Anderson and Goolishian (1986) noted a change in social theory began, with the introductions of the German social theorist, Niklas Luhman, who placed emphasis on the collaborative action and discourse in the construction of social systems. Subsequently, family therapy instead began focusing on human problems rather than attempts to understand patterns of human systems (Anderson & Goolishian, 1986). Collaborative stemmed from a conceptual collage of postmodern bio-psycho-social theories (Anderson, 1995). Anderson and Goolishian (1986) trace these changes initially through first order cybernetics, second order cybernetics, constructivist theory, quantum theory, and structure determinism toward viewing humans as language- and meaning-generating systems. Where systems are created through communication and dialogue rather than layered social structure. Anderson (1995) draws together other influential theories such as; language domains, narrative theory, postmodern feminist theory, hermeneutics, and social constructionism. In her more current writing, Anderson (2007) refers to these influences under a postmodern umbrella, where language and knowledge create meaning through interactions.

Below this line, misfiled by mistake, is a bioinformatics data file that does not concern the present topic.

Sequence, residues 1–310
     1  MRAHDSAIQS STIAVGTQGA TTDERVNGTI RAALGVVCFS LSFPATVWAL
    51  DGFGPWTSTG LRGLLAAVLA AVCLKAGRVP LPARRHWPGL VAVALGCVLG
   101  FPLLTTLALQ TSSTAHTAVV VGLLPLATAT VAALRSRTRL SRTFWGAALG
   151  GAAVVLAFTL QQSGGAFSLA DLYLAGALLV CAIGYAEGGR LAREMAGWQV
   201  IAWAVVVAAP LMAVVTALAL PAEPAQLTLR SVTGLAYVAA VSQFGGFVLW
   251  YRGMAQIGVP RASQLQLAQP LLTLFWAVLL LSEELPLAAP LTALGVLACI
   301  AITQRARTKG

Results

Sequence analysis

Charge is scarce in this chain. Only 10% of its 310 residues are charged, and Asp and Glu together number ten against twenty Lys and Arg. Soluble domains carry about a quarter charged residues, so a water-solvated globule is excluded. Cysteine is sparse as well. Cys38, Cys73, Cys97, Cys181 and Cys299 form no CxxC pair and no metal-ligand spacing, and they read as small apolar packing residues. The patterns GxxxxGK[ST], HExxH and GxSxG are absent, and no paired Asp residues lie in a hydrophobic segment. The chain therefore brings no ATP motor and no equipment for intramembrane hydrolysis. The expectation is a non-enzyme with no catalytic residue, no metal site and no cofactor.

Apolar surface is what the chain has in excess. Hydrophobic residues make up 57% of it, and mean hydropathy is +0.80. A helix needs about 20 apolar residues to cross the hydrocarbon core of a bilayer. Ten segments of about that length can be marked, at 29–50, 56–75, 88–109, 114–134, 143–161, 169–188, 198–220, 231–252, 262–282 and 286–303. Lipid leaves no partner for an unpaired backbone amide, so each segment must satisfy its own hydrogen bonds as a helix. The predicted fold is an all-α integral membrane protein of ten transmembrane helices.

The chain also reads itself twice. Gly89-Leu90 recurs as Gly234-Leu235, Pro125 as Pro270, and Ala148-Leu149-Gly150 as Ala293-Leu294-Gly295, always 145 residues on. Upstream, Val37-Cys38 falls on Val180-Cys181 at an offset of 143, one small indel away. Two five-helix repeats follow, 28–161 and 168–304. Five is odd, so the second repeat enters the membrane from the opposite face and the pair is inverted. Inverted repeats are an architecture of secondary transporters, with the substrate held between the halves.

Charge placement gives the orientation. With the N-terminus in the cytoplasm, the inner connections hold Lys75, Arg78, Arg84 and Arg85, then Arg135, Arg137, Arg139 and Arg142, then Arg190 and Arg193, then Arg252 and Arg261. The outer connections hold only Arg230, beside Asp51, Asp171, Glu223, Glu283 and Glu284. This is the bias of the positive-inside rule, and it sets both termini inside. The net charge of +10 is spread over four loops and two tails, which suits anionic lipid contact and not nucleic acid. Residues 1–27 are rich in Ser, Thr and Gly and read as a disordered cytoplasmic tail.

Harold Goolishian and Harlene Anderson represent the primary voices of CT from the initial implementation until its present form today. In 1988, Anderson and Goolishian developed a major premise of CT from their understanding of the nature of language as a meaning-generator a concept known as “not-knowing” (Anderson, 2005). Not-knowing was developed as a way for Anderson and Goolishian to work more effectively with clients and their subjective realities, where the goal of therapy was seen to open space for new meaning through dialogic conversation (Anderson, 2005). Partial to facilitating conversation is assuming the belief that the therapist does not have some objective knowledge of the client and could never understand the client fully without the expert understanding of the client as the expert of his subjective reality (Anderson, 2005). Anderson writes that the not-knowing position includes authentic, active, and respectful listening, where the therapist posture is tentative and open to the subjective reality of the client (Anderson, 2005).